3.  Illegal hazardous waste dumping and seashore erosion: Ms Penchom Saetang of Ecological Alert and Recovery – Thailand (Earth), pointed out that every year since 1998 there has been illegal dumping and a continuing erosion of the coastal area: “The local people have demanded several times to stop the expansions of the industrial estate areas but their voice was ignored by the Industrial Estate Authority of Thailand (IEAT).”[10]

She added that since 1999, the Natural Resources and Environmental Policy and Planning Office has warned that air pollution in Mab Ta Phut had exceeded the area’s carrying capacity and no further investment should be made. The warnings were based on a detailed study on the area’s pollution carrying capacity; however, the IEAT did not accept this study, calling it questionable and proposed that a joint model be developed while the industrial sector insisted on expanding their activities ignoring the affected people’s opposition.[11]
4. Health impact: According to the information obtained between 2003 and 2005, the number of Mab Ta Phut people suffering from pollution-related respiratory system, skin and occupation-related diseases was higher than those in other areas of Rayong province. Moreover, the incidence rates of all types of cancer and leukemia of Rayong’s Muang district were higher than those of other districts of the province.[12]
According to the National Cancer Institute, the incidence of cancer in Rayong, where the Map Ta Phut industrial estate is located, is 182.45 per 100,000 people, compared to the national average of 122.6. The leukemia ratio is also higher; 6 per 100,000 people, whereas the national average is about 3.55. The Rayong public health office reports that the ratio of birth deformities, disabilities and chromosome abnormalities drastically increased from 1997 to 2001, from 48.2 per 100,000 people to 163.8 people, an increase of 300%.[13]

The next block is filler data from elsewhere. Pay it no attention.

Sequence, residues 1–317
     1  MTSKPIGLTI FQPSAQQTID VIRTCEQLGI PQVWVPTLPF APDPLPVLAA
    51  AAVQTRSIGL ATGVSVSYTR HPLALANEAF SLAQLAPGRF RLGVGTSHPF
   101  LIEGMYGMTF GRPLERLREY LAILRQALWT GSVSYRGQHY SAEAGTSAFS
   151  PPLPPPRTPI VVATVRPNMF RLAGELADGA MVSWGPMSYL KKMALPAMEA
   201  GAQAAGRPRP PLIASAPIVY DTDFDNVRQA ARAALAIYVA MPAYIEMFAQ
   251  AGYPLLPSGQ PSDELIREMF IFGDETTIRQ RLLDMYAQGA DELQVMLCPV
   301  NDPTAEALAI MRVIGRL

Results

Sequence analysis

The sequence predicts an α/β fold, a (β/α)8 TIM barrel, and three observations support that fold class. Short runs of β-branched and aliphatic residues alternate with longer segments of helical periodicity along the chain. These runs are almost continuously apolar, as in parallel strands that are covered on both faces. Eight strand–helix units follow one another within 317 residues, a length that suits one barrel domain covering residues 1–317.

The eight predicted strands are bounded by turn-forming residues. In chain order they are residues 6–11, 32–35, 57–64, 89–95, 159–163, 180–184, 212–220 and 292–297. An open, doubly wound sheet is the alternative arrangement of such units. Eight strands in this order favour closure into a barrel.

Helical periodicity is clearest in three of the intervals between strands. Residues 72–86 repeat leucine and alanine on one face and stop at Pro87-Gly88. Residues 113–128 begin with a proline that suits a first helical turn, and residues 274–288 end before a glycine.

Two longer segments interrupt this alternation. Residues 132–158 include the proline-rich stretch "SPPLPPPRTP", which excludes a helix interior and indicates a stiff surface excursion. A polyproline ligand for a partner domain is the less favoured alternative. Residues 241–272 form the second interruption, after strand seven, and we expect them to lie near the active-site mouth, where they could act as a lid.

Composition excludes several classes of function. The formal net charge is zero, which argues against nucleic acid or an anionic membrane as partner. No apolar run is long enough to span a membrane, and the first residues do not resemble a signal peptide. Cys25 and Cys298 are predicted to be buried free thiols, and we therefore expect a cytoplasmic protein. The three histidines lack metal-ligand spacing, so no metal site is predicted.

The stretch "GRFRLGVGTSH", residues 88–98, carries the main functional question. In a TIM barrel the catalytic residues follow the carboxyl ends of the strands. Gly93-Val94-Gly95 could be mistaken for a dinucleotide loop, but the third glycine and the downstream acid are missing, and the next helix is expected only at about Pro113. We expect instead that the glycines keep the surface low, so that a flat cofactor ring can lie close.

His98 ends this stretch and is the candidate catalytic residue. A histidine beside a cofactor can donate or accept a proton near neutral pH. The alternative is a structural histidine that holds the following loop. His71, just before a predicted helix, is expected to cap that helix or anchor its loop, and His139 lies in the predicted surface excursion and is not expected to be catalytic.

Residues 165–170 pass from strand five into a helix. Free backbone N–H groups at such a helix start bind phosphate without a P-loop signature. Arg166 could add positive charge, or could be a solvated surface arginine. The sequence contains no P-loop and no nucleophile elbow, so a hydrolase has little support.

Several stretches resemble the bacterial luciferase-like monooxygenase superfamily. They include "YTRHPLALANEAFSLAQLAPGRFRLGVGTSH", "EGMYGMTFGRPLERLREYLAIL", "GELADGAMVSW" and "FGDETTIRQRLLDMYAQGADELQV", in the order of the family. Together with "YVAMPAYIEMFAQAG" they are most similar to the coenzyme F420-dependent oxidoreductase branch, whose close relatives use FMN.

Government’s action: negligence and complete failure

Since 2007, the environmental and health conditions in Mab Ta Phut have been drastically deteriorating. Non-governmental organizations (NGOs) and local community groups have called on the Government to declare Mab Ta Phut a pollution control area, but to no avail.

On 1 October 2008, 27 people representing those living in 11 communities around Rayong’s MTP IE filed a lawsuit in Rayong Administrative Court against the National Environment Board (NEB), chaired by the Prime Minister, accusing it of failing to comply with legal procedure by not designating Mab Ta Phut and nearby areas as pollution control areas.[14]   

The Rayong Administrative Court issued its ruling on 3 March 2009 stating that different documents all pointed out that Mab Ta Phut pollution is adversely affecting the people’s health and their environment. The court also admitted that the pollution in Mab Ta Phut Municipality has continued to be so severe that it could harm people’s health and environmental quality. Although two ad hoc working committees were set up after 2007 to address the problems in Rayong, the pollution intensified. Even so, the NEB failed to designate the Mab Ta Phut Municipality as a pollution control area, arguing that almost all factories in the area already cooperated in the committees’ pollution reduction and elimination action plans. The court ordered that the NEB cleaned up the polluted industries within Map Ta Phut Industrial Estates, and to declare the areas around the estates a “pollution control area” within a timeframe of 60 days.